Posted in Science & Nature

Sonic Boom

When something moves through the air, it pushes the air in front and creates a sound. This sound spreads as a wave at the speed of 340m/s (1225km/h). As the object moves, it makes a series of pressure waves, which is why the Doppler effect happens. These pressure waves look like rings that are squashed to the side the object is moving towards. As the object moves faster, the more compressed these rings become. When the object moves at the speed of sound (340m/s), the pressure waves all overlap as the object makes a pressure wave on the same place as where the last wave reached. This is the sound barrier.

At this point, there is so much overlap of the waves that a shockwave is formed. This shockwave – made of compressed air – travels at the speed of sound (Mach 1) and originates from the front tip of the object (e.g. nose of the plane). If the object moves any faster than the speed of sound, the new wave is made even before the old wave has propagated that far. The rings are now no longer in a nice concentric pattern, but instead form a shockwave cone. Sometimes this can be seen physically if there is enough condensation in the air to create a vapour cone. The sudden change of pressure from the shockwave creates a large booming sound, which we call a sonic boom (in fact, there are two booms due to the pressure difference at the tail too).

Sound, like other waves, is a form of energy. Hence, the shockwave formed by breaking the sound barrier can cause physical damage. If a fighter jet were to fly over a building at low altitude at supersonic speeds, it may cause windows to shatter and people’s eardrums to rupture. The shockwave creates a significant problem in aircraft design, for if a plane’s wingspan is wider than the width of the shockwave cone, its wings will snap off. This is why fighter jets and the Concorde have a characteristic sleek, triangular shape. The faster the plane travels, the narrower the shockwave cone becomes and the thinner the plane’s wingspan has to be.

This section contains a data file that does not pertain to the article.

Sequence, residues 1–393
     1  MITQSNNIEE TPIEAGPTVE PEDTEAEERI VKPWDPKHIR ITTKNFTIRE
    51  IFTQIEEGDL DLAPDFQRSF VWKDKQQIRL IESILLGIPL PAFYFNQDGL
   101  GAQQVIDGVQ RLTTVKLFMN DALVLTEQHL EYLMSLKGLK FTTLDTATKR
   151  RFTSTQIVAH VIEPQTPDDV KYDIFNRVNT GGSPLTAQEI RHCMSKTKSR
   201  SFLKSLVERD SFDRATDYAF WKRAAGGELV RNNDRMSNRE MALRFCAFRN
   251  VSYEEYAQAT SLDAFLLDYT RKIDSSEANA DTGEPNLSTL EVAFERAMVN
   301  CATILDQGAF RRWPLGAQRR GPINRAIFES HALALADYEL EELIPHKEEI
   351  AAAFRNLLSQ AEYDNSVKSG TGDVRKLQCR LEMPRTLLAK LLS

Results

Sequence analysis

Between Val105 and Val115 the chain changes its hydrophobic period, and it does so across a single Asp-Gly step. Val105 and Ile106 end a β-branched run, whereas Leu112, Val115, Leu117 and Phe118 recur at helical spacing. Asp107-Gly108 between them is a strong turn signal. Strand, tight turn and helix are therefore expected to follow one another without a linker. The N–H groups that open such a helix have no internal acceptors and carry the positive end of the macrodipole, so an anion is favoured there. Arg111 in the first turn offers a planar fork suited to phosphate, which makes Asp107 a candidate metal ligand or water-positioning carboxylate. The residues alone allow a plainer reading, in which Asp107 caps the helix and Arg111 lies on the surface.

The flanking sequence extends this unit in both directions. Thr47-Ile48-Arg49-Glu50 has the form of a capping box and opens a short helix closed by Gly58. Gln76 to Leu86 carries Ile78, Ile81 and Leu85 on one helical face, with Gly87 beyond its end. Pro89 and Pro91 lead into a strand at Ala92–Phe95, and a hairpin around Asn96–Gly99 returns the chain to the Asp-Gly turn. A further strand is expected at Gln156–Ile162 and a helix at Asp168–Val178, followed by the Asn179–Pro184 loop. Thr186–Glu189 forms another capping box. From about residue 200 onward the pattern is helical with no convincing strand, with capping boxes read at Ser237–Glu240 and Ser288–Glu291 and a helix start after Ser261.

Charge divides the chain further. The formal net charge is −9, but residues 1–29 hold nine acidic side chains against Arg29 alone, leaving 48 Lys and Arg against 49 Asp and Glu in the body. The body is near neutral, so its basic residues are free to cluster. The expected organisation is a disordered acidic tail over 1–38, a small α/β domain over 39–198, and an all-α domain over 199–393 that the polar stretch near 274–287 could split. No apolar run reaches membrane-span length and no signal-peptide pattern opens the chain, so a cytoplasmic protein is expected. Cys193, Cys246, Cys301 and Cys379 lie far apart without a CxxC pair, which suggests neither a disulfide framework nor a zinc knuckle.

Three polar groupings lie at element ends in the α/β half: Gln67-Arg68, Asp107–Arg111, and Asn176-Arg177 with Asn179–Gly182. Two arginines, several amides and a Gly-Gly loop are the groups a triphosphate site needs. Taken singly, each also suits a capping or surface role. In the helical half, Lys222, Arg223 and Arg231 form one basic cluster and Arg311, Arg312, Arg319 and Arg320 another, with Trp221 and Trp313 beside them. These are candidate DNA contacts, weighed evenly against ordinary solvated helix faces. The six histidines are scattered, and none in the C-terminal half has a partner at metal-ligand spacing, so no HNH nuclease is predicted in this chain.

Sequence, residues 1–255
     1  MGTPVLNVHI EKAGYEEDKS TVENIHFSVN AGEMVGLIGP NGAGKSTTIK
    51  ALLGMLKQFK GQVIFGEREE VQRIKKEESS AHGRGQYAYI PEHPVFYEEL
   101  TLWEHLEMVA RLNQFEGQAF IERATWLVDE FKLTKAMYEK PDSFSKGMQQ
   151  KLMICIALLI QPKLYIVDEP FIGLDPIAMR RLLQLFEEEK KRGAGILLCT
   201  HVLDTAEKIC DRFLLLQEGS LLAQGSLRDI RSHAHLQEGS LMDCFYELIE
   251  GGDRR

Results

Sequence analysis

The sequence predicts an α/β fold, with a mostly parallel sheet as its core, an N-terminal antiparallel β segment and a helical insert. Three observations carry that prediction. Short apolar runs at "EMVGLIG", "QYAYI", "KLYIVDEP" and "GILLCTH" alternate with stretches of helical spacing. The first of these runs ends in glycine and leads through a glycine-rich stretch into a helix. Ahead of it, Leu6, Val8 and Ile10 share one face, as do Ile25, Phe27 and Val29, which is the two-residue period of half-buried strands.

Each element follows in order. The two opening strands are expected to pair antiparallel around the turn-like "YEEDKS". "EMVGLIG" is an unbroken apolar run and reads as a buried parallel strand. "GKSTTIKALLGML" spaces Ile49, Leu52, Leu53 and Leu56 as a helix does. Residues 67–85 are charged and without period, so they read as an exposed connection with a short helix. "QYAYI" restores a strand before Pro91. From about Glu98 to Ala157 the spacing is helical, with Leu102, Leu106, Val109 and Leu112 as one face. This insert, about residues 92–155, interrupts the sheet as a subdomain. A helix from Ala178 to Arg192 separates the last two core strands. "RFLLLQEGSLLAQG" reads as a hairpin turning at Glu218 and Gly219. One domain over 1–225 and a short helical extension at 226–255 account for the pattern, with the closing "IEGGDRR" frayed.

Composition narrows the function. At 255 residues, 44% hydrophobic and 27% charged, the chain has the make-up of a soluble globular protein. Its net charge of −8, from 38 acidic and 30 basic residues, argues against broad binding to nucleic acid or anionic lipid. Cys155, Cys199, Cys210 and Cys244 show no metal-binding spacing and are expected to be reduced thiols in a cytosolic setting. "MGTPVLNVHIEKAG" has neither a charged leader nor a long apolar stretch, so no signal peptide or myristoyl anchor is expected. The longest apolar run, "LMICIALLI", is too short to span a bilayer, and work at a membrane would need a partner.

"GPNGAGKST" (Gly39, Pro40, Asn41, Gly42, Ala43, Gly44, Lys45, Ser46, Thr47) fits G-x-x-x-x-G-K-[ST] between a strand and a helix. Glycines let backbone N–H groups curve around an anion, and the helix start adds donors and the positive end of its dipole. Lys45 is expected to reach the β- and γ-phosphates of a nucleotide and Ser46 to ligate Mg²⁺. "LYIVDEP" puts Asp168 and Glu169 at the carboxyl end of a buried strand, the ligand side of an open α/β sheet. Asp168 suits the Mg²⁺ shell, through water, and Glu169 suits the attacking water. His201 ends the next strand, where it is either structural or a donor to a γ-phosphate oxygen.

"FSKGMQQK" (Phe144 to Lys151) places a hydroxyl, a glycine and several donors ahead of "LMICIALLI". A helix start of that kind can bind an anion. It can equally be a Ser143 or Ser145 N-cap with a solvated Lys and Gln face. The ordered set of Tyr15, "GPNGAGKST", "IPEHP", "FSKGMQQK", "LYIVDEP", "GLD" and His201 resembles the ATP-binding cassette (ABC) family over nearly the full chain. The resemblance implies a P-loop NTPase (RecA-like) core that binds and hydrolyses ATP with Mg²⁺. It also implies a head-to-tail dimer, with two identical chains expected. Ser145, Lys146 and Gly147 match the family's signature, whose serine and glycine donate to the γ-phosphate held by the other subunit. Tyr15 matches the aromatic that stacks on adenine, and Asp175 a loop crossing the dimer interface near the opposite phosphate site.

Then what was the first manmade object to break the sound barrier? The answer is surprisingly old and simple – a bullwhip. The crack from a whip is actually a small sonic boom made by the tip of the whip travelling beyond the speed of sound.

Posted in History & Literature

Wilhelm Scream

Often while watching a movie, you hear a scream that you feel like you have heard it before. This phenomenon occurs quite commonly, and the reason for it is rather simple. It is not because of some psychological phenomena, but because it is always the same scream. But how is it that the same scream appears in movies spanning over 50 years, with no common actors? 

This is the famous Wilhelm Scream, a pre-recorded sound clip frequently used in movie sound editing. It first appeared in the 1951 film “Distant Drums” (when a villain is snatched away by an alligator), and became famous when it was used again in 1953 in “The Charge at Feather River”, when a soldier named Wilhelm gives off the scream when shot (hence the name).

From then on, this scream has become somewhat a cliché in the film world, with numerous directors humorously sneaking it in their movie. George Lucas is especially well-known for his love with the sound clip, as he used it in every Star Wars and Indiana Jones movie. Including appearances in movies, games and other media, the Wilhelm Scream has been used over 200 times to date. This peculiar scream tends to be used when a nameless villain, such as a stormtrooper or a Nazi soldier, is shot, fell or somehow mortally harmed.

Next time you watch a film, look out for the Wilhelm Scream.